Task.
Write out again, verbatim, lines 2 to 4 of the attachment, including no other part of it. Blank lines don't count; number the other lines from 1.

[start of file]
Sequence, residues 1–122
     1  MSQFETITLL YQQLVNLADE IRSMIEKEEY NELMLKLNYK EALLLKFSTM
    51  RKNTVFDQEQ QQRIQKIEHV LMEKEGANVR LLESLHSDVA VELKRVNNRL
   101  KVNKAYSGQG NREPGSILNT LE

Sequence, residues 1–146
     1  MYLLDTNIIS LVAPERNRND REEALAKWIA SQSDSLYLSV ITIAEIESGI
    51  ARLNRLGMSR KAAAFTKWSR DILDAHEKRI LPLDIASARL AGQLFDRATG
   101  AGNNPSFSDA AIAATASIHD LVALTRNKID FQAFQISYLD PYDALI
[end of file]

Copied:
     1  MSQFETITLL YQQLVNLADE IRSMIEKEEY NELMLKLNYK EALLLKFSTM
    51  RKNTVFDQEQ QQRIQKIEHV LMEKEGANVR LLESLHSDVA VELKRVNNRL
   101  KVNKAYSGQG NREPGSILNT LE